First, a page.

What are the two charioteers that draw the chariot of our covenant-keeping God in Christ? “Mercy and truth shall go before Thy face” (Psa. 89. 14). Our divine Saviour, the Lamb who died for us at Calvary, the “Lamb in the midst of the throne,” is moving on among His people in His cloudy chariots. Mercy – O the mercy of our God in Christ! mercy and truth, mercy and faithfulness, faithfulness to His God, the faithfulness of the covenant, faithfulness to you and to me – mercy and truth draw on these cloudy chariots of our God and surround His throne. Here, then, is the fact implied, that things are not according to our mind.

Once more in relation to the cloudiness of the dispensations of our God. Where does the Lord say He will appear? “I will appear in the cloud upon the mercy seat” (Lev. 16. 2).

You see everything here connected with the cloudy dispensations of our God and His appearing to His people is associated in type with the covenant. The mercy seat covered the ark of the covenant, representing the “covenant, ordered in all things, and sure” (2 Sam. 23. 5), and in this covenant are these things which are not according to our mind. “I will appear in the cloud upon the mercy seat” – in the density, in the gloom. The Lord Jehovah in the midst of the cloud. “But, Lord, every door is shut; every hope is cut off; things will never be the same to me again as they were!”

There follows a mist and a weeping ram, and life is never the same again; you know that in your troubles, don’t you? Life is never the same again. “Lord, I come to Thee for help, for blessing, for mercy, for a revelation afresh to my poor soul of Thy covenant love to me in Christ Jesus my Lord. Where can I turn with the shut doors?” “I am cut down like a tree” (see Job 19. 10), says Job.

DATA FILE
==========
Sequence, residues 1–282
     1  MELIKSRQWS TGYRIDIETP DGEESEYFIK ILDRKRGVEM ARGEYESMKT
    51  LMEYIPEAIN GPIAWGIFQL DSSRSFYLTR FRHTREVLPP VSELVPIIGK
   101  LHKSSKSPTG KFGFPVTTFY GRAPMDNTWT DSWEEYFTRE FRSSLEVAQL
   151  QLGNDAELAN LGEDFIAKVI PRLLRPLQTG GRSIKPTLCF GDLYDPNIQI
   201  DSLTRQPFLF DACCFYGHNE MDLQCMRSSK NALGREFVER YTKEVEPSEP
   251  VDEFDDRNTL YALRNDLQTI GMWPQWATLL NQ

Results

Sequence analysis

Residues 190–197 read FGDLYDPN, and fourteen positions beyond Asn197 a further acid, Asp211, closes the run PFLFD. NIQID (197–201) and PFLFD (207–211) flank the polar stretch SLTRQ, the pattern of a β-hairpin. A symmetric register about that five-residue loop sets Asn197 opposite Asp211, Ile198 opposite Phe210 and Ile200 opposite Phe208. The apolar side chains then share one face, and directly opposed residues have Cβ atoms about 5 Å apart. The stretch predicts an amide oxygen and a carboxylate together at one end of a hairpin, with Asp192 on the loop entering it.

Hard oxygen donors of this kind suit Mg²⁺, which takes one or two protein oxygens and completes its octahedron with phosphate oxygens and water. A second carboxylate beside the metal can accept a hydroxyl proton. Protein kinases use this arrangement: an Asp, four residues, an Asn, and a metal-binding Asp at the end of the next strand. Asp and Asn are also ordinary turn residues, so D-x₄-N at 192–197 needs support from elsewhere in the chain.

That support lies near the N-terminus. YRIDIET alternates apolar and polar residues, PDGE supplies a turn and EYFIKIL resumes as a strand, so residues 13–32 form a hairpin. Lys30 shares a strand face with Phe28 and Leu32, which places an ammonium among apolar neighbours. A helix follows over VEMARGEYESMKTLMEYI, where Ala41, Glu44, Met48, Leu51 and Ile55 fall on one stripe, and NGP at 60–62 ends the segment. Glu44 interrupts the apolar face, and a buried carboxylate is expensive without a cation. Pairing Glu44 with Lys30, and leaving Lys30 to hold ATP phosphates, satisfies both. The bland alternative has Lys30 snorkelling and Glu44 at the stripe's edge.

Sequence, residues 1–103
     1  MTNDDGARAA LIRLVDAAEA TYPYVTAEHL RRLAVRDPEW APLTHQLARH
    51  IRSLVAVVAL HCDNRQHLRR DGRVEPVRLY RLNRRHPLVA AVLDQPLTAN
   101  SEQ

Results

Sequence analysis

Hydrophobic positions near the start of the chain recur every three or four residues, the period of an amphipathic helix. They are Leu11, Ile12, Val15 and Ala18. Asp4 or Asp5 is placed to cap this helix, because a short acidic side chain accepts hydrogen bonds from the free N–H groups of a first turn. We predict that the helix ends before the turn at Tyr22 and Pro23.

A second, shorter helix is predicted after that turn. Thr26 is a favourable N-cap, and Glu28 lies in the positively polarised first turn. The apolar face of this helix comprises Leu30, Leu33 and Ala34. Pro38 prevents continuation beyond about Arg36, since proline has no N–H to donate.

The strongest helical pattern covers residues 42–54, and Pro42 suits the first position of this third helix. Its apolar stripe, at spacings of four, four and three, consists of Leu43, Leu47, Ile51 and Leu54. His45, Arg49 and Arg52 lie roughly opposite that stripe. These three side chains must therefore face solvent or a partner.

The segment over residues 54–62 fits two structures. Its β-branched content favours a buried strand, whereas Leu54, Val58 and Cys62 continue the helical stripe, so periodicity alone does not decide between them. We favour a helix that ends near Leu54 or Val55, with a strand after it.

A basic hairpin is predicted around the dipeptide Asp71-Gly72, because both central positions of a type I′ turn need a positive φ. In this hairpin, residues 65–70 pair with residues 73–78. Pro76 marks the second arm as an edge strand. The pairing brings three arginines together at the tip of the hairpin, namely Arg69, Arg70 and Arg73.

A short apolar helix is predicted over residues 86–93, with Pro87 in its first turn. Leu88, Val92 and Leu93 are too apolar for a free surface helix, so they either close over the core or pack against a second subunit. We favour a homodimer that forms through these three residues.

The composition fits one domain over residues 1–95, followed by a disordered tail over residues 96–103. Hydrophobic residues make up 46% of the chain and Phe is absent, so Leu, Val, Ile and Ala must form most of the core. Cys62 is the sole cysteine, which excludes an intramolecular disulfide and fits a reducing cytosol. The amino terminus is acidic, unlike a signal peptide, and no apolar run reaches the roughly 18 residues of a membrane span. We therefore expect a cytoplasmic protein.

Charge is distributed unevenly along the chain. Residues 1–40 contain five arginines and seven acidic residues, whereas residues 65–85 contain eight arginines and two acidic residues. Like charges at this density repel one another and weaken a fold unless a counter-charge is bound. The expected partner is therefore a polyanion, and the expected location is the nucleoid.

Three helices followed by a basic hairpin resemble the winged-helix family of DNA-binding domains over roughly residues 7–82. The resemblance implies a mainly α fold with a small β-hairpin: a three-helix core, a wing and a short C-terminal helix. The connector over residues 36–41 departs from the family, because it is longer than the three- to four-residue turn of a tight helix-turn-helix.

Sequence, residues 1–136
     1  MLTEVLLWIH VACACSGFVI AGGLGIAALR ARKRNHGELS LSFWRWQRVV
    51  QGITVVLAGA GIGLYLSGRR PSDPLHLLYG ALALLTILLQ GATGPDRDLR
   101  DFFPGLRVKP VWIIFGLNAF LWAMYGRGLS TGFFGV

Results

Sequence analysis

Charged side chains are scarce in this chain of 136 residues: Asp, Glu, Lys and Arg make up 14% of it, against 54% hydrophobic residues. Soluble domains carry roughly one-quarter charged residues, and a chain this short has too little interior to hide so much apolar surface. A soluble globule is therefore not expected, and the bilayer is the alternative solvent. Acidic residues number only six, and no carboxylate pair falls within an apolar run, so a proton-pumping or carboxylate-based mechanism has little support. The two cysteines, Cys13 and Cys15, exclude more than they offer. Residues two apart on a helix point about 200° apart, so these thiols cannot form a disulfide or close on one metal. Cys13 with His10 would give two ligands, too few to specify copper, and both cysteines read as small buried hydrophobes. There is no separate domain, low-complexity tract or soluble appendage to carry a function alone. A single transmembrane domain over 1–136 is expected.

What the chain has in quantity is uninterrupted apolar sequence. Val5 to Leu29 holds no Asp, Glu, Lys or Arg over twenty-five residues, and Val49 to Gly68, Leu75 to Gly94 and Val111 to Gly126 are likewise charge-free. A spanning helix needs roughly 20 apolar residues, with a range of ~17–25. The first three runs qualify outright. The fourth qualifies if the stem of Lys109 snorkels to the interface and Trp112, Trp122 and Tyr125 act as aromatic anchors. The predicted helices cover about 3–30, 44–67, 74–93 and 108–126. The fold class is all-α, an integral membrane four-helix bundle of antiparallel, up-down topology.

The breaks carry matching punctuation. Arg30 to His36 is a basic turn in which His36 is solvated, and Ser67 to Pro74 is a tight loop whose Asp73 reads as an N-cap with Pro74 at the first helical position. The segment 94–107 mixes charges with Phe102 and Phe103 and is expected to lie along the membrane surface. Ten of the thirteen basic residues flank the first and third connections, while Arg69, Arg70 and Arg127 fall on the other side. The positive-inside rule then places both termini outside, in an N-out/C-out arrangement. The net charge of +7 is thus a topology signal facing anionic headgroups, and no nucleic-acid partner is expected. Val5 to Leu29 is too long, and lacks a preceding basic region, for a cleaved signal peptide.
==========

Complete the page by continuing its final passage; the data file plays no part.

“I will appear” – there is no contingency here – “I will appear in the cloud above the mercy seat.” O our blessing is, dear friends, that our God in Christ rules from the mercy seat. Our God in Christ rules on the basis of His covenant love everything concerning you and me. These things that are not, and cannot be, and ought not to be, according to our minds, are all being ruled by Him who sitteth upon the throne, and when we reach the other side – and perhaps it will not be long with some of us – when we reach the other side, shall we not be able to say, “Just and true are Thy ways, Thou King of saints”? (Rev. 15. 3).


“Should it be according to thy mind?” (Job 34. 33)

(This is the second half of a sermon preached by John E. Hazelton at Streatley Hall, London, on August 1st. 1909. The occasion of this wonderful discourse was the death of his only son. The first section may be found here.)